George Lucas continues to mislead millions of people into believing that the most powerful force in the universe is, well, “The Force”. But every successful household CEO knows for a fact that Lucas is dead wrong. That is not surprising at all given that Lucas is a filmmaker and not an astrophysicist. In fact, it was none other than Albert Einstein, the true authority on this topic, who unequivocally stated that, “there is no greater power in the universe than the power of compound interest.” And has there ever been a greater authority on the universe than Mr. Einstein?
Honestly, who could argue with Al on this? Yes, I know Al is dead, but let’s not quibble over technicalities.
Since Einstein is dead, allow me to use a simple example to prove Einstein’s claim. If you start with just a single penny and double it every day, how long will it take you to get to one million dollars? One year? Six months? Believe it or not, it would only take 28 days. To be specific, at the end of 28 days you end up with $1,342,177.20! Score one for Einstein!
The original penny turned into two, but then those two turned into four, and those four turned into eight, and so on. If you still don’t believe it, take a calculator and enter 0.01. Then multiply that number by 2. Keep multiplying your new number by 2 and count how many times it takes to get to one million.
In a nutshell, the growth of your money sped up because not only was your original penny collecting interest – but ALL the pennies you received as interest also began to earn interest. This growth upon growth is known as “compounding”, and that’s where the term “compound interest” comes from.
If you learn nothing else from this blog, I want you to remember that there is not a force in the entire universe that is more powerful than compound interest. Please… Know it. Learn it. Live it.
Beware the Force, Luke
Like “The Force”, successful household CEOs understand that the power of compound interest can be used for good and evil. Compound interest is truly a double-edged light-sabre that cuts both ways. Just as it can help you when you save money, it can also just as easily bury you under an insurmountable amount of debt when you buy things on credit and fail to pay off the bill by the end of the month.
Although the millionaire-in-28-days example is good for illustrative purposes, I am now going a handy compound interest calculator to give a more common example of compound interest that occurs every day all across the world. If you invest $100 at 6% interest, at the end of one year you will end up with $106. At the end of two years, the uninitiated might expect you to have $112. But in fact, thanks to the power of compound interest, you would actually have a total of $112.36. That’s because you not only received interest on your original principal of $100, but also on the interest you gained from year one (the additional $6.00). Compounding in action! And again, beware the force, as this example also applies if that was a $100 debt rather than an investment.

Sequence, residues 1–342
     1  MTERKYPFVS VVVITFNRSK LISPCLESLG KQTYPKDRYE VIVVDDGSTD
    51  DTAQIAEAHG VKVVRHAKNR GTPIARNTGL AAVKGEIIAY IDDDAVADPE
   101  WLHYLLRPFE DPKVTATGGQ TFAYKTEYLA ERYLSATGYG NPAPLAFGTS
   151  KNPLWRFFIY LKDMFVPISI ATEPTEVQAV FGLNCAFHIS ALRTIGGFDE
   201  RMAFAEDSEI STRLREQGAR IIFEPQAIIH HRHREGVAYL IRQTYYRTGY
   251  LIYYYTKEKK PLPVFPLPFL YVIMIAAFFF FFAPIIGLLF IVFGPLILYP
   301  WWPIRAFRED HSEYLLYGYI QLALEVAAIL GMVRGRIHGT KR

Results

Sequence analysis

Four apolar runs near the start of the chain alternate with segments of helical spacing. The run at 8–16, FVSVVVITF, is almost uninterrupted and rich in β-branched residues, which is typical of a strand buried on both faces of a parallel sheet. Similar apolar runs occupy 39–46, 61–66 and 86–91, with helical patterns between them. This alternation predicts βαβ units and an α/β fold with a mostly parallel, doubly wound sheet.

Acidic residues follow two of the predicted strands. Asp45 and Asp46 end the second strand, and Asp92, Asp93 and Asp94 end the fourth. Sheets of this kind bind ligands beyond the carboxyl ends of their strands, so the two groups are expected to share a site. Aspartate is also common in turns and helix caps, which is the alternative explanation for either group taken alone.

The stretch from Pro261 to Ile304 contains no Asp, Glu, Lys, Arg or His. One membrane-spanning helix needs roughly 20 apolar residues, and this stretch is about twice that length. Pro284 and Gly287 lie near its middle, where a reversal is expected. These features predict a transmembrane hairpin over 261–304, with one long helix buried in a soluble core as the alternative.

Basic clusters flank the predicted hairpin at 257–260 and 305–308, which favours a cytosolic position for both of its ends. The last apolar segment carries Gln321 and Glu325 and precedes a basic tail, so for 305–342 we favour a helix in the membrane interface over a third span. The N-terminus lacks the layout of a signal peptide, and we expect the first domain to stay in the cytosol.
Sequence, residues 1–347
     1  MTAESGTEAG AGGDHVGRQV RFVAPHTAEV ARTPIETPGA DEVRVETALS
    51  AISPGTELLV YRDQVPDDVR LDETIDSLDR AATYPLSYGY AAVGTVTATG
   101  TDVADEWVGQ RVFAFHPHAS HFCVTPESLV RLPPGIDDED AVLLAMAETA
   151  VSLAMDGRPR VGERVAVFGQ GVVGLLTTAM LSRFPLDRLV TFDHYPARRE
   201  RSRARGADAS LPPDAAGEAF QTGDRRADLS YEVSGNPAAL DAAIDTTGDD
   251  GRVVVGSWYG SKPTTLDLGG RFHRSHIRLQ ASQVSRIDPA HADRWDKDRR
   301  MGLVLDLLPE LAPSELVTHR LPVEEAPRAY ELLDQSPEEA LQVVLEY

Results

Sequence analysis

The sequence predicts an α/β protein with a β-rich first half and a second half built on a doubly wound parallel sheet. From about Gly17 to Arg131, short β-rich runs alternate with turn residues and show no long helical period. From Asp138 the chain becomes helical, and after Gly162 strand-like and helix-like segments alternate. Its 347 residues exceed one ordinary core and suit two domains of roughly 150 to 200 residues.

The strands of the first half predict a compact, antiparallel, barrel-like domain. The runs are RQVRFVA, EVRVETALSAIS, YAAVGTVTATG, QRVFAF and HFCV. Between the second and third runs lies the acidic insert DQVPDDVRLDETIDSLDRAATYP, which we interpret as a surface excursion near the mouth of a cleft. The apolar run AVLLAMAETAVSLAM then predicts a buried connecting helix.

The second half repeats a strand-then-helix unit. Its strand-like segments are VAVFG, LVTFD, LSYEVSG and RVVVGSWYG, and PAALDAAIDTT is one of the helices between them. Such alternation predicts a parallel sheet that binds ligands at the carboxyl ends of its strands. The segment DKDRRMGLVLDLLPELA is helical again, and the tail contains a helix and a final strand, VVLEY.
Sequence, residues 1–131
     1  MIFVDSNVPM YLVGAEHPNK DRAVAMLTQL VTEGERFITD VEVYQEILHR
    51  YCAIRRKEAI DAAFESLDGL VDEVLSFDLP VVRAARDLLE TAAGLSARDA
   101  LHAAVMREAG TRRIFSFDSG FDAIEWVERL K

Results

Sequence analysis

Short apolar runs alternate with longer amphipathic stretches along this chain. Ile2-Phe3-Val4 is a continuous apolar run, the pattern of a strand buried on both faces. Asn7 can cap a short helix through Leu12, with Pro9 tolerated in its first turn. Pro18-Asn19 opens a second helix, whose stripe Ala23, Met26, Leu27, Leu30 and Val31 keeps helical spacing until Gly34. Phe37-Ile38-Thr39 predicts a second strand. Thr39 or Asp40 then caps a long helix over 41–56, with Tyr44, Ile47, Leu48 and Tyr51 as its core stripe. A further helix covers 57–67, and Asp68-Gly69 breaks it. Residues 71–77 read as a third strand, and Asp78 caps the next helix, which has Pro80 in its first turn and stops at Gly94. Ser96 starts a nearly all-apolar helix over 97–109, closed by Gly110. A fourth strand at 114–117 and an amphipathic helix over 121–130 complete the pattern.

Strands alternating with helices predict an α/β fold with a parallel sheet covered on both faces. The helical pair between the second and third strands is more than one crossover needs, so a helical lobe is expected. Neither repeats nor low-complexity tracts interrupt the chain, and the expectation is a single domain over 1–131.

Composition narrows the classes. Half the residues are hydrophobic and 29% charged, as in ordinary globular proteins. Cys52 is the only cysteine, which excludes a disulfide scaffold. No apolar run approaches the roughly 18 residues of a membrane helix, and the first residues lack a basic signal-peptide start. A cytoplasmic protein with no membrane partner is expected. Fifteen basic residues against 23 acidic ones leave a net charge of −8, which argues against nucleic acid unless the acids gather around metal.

True, the thirty-six cents extra interest thanks to compounding as shown in the previous example doesn’t seem like a lot to get excited about. The effects are hardly noticeable at first. But over time, compound interest becomes a force of monumental proportions. Like the mighty oak that starts out life as a lowly acorn, compound interest is something that must be nurtured over time. And the younger you are, the more opportunity you have to take advantage of the most powerful force in the universe when you are saving and investing.
Of course, and I know I am repeating myself, you also have to make sure that you avoid debt whenever possible so that compound interest, the most powerful force in the universe, does not put you in an early financial hole you may not be able to ever recover from.
Successful household CEOs understand the power of compound interest and use that knowledge as an incentive for saving and investing, and as an aid in helping them avoid unnecessary debt.
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